Enhancement of the Earth’s albedo through the injection of sulfate aerosols into the stratosphere has been proposed as an approach to offset some of the adverse effects of climate change. Here we analyse an ensemble of simulations of the twenty-first century climate designed to explore a strategic geoengineering approach. Specifically, stratospheric sulfur injections are imposed at 15° and 30° in both hemispheres with the aim to minimize the changes in surface temperature, both in the global mean and in its gradients between hemispheres and from equator to pole. The approach accomplishes these goals and reduces previously noted adverse impacts of solar radiation management, such as excessive cooling in the tropics and weakening rainfall over land. Nonetheless, hydrological responses over the North Atlantic Ocean lead to an acceleration of the Atlantic meridional overturning circulation and to continued warming of the deep and polar oceans, particularly in the vicinity of southern Greenland. These changes could cause continued, albeit slower, cryospheric melt and global sea level rise. Our simulations demonstrate the complexity of the coupled climate response to geoengineering and highlight the need for significant advances in our ability to simulate the coupled climate system and the continued refinement of geoengineering strategies as a prerequisite to their successful implementation.

Access optionsAccess options

Rent or Buy article

Get time limited or full article access on ReadCube.


All prices are NET prices.

Data availability

The data sets analysed during this study are available on the Earth System Grid (https://www.earthsystemgrid.org and http://www.cesm.ucar.edu/projects/community-projects/GLENS/).

Additional information

Publisher’s note: Springer Nature remains neutral with regard to jurisdictional claims in published maps and institutional affiliations.


  1. 1.

    Crutzen, P. J. Albedo enhancement by stratospheric sulfur injections: a contribution to resolve a policy dilemma? Clim. Change 77, 211–219 (2006).

  2. 2.

    Kleypas, J. et al. Geochemical consequences of increased atmospheric carbon dioxide on coral reefs. Science 284, 118 (1999).

  3. 3.

    Cao, L. The effects of solar radiation management on the carbon cycle. Curr. Clim. Change Rep. 4, 41–50 (2018).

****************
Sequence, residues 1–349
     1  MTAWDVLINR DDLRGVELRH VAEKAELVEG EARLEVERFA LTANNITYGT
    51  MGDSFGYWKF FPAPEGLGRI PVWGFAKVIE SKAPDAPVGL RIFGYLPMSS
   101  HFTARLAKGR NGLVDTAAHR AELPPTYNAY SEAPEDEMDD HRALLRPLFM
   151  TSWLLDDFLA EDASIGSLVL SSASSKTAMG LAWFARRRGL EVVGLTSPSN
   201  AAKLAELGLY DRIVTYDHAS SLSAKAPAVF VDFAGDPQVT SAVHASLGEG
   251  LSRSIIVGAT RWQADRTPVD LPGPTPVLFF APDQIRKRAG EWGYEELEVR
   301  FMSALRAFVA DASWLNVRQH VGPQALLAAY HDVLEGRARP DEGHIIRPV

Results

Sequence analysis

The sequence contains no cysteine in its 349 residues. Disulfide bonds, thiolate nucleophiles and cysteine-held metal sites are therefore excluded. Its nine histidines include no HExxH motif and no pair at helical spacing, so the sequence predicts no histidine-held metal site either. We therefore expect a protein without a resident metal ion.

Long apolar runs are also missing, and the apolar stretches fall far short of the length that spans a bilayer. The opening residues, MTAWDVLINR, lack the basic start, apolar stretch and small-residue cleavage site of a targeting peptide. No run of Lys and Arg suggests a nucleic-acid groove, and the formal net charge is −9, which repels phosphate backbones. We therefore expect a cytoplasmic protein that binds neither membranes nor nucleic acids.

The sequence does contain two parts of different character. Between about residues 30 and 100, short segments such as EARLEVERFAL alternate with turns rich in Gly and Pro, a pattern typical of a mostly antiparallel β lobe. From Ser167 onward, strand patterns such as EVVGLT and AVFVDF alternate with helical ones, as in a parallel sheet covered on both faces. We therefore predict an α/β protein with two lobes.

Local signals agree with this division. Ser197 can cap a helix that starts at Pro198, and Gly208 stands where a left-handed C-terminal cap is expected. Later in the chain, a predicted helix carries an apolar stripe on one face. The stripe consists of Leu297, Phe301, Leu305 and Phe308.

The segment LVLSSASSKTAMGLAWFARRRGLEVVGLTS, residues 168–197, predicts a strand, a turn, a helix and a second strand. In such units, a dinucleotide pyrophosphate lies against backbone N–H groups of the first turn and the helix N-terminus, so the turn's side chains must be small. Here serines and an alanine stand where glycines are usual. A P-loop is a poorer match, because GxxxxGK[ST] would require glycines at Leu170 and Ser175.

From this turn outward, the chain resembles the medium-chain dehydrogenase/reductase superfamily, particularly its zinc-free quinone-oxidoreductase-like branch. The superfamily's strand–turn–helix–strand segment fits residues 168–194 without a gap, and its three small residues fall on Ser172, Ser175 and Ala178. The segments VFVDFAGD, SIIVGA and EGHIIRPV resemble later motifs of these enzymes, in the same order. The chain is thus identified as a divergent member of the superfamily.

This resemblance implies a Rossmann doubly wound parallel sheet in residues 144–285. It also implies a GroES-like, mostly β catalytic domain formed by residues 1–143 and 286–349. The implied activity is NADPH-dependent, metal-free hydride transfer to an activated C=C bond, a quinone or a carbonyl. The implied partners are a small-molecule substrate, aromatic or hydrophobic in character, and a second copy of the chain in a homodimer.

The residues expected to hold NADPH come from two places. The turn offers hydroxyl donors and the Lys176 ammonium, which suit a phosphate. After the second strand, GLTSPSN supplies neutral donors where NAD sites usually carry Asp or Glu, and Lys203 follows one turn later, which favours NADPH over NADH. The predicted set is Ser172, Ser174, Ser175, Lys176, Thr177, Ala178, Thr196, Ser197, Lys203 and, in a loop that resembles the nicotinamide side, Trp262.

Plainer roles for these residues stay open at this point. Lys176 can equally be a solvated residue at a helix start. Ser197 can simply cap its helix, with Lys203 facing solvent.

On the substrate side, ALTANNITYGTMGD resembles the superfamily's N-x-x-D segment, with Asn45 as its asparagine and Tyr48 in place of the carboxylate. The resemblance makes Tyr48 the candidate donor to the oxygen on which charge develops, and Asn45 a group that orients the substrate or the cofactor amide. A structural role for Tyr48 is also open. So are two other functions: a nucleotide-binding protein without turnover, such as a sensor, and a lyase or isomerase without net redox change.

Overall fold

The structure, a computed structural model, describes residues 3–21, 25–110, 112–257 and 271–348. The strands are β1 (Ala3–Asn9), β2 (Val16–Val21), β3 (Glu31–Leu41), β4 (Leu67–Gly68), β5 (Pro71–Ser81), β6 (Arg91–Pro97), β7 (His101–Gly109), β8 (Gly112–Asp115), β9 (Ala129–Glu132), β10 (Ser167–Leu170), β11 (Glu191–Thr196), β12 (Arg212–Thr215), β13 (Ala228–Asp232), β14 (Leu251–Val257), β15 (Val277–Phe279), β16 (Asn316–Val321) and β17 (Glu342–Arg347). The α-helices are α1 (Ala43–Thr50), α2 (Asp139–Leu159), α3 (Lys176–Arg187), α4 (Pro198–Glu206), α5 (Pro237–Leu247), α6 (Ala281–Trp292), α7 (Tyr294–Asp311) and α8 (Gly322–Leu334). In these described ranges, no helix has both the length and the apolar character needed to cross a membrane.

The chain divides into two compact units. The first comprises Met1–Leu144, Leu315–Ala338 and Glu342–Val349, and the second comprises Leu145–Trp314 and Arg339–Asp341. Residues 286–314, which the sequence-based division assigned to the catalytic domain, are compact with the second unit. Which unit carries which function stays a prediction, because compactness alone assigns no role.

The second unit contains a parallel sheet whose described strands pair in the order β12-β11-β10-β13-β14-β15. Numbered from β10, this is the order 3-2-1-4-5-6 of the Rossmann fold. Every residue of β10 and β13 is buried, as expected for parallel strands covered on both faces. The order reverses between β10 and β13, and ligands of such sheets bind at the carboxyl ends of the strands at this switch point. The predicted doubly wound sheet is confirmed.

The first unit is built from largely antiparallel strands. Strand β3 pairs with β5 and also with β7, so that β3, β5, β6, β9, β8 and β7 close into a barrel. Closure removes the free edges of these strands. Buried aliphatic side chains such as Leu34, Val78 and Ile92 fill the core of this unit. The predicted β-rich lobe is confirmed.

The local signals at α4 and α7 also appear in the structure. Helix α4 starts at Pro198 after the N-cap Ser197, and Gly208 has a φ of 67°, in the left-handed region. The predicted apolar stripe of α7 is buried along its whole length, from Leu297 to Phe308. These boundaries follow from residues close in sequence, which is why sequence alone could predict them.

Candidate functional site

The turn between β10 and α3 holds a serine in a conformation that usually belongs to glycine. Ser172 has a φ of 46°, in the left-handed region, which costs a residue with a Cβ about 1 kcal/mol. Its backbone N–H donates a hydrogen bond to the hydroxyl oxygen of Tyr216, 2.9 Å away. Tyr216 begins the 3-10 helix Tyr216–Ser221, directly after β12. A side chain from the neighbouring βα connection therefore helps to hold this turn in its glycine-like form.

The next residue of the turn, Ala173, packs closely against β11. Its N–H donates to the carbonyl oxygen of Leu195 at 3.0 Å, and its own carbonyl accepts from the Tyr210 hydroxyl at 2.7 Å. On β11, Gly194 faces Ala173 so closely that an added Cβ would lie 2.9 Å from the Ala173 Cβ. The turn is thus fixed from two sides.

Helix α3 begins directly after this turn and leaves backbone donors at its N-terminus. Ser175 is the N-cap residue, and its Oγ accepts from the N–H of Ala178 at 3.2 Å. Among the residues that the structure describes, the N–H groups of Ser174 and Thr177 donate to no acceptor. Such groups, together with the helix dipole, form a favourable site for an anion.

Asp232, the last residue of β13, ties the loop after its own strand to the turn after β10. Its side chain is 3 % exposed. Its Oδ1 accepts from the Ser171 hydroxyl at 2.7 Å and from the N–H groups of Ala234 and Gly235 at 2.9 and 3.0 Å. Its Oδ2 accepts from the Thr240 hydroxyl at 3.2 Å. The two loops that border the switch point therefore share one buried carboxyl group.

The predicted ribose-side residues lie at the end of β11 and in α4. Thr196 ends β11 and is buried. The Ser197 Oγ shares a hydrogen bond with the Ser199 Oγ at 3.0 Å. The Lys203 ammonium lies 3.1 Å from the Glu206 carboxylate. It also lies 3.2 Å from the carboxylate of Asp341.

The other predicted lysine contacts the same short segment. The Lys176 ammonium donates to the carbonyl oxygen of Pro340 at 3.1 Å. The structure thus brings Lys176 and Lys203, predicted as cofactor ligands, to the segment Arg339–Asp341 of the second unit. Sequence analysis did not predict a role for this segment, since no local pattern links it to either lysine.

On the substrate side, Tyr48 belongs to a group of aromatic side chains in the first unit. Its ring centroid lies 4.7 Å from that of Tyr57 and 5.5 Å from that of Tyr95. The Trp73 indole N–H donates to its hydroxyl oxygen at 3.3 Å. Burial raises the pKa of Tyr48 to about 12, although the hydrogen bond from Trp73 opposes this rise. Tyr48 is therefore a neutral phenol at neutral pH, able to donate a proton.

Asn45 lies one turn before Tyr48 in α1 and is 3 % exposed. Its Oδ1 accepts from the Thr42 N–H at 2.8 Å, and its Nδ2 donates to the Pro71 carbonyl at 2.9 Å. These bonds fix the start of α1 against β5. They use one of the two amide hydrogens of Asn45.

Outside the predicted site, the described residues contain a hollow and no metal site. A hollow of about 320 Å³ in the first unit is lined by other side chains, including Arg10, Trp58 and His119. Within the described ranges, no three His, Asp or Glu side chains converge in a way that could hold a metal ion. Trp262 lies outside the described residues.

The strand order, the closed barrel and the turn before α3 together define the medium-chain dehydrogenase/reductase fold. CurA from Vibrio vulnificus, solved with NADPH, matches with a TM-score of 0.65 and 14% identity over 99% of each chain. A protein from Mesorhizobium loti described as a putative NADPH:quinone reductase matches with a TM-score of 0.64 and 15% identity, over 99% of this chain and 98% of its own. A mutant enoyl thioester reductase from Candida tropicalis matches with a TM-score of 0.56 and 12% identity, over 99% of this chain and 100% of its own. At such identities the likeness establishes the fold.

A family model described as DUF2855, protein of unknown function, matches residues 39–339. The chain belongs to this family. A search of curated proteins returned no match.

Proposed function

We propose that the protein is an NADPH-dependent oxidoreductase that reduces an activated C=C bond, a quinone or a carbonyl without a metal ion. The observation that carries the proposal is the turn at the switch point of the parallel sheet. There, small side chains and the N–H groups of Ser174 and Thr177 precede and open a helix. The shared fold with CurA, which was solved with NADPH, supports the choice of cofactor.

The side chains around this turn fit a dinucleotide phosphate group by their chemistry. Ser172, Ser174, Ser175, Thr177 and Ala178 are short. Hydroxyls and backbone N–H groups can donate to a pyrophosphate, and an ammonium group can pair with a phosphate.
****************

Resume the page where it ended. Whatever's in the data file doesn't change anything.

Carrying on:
4. 4.

    Haywood, J. M. A., Jones, N., Bellouin & Stephenson, D. Asymmetric forcing from stratospheric aerosols impacts Sahelian rainfall. Nat. Clim. Change 3, 660–665 (2013).

  5. 5.

    Tilmes, S. et al. The hydrological impact of geoengineering in the Geoengineering Model Intercomparison Project (GeoMIP). Geophys. Res. Lett. 118, 11–036 (2013).

  6. 6.

    Jones, A. C. et al. Impacts of hemispheric solar geoengineering on tropical cyclone frequency. Nat. Commun. 8, 1382 (2017).

  7. 7.

    Kravitz, B. et al. First simulations of designing stratospheric sulfate aerosol geoengineering to meet multiple simultaneous climate objectives. J. Geophys. Res. Atmos. 122, 12616–12634 (2017).

  8. 8.

    Tilmes, S. et al. CESM1(WACCM) Stratospheric Aerosol Geoengineering Large Ensemble (GLENS) project. Bull. Am. Meteorol. Soc. https://doi.org/10.1175/BAMS-D-17-0267.1 (2018).

  9. 9.

    Mills, M. J. et al. Radiative and chemical response to interactive stratospheric sulfate aerosols in fully coupled CESM1(WACCM). J. Geophys. Res. Atmos. 122, 13061–13078 (2017).

  10. 10.

    Richter, J. H. et al. Stratospheric dynamical response and ozone feedbacks in the presence of SO2 injections. J. Geophys. Res. Atmos. 122, 12557–12573 (2017).

  11. 11.

    Kushnir, Y. Interdecadal variations in the North Atlantic sea surface temperature and associated atmospheric conditions. J. Clim. 7, 141–157 (1994).

  12. 12.

    Delworth, T. L. & Mann, M. E. Observed and simulated multidecadal variability in the Northern Hemisphere. Clim. Dyn. 16, 661–676 (2000).

  13. 13.

    Zhang, R. On the persistence and coherence of subpolar sea surface temperature and salinity anomalies associated with the Atlantic multidecadal variability. Geophys. Res. Lett. 44, 7865–7875 (2017).

  14. 14.

    Phillips, A., Deser, C. & Fasullo, J. Evaluating modes of variability in climate models. Eos Trans. AGU 95, 453–455 (2015).

  15. 15.

    Moore, J. C., Jevrejeva, S. & Grinsted, A. Efficacy of geoengineering to limit 21st century sea-level rise. Proc. Natl Acad. Sci. USA 107, 15699–15703 (2010).

  16. 16.

    Irvine, P. J. et al. The fate of the Greenland Ice Sheet in a geoengineered, high CO2 world. Environ. Res. Lett. 4, 045109 (2009).

  17. 17.